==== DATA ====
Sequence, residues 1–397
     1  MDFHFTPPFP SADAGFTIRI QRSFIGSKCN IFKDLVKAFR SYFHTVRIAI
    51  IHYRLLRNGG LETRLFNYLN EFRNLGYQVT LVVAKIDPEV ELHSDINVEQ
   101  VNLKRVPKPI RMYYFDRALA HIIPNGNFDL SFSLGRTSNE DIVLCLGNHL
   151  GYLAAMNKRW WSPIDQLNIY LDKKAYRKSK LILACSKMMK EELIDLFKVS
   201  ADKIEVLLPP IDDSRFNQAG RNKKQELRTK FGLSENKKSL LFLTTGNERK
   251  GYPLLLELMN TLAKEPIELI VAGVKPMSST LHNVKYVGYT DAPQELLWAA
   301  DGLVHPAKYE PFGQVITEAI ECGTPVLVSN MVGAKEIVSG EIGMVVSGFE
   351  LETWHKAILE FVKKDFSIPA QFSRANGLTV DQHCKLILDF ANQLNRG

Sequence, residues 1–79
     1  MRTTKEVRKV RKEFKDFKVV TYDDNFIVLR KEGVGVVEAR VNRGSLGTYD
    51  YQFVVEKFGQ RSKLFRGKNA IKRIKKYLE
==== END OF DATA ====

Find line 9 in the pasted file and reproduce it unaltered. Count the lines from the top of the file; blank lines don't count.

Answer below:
   351  LETWHKAILE FVKKDFSIPA QFSRANGLTV DQHCKLILDF ANQLNRG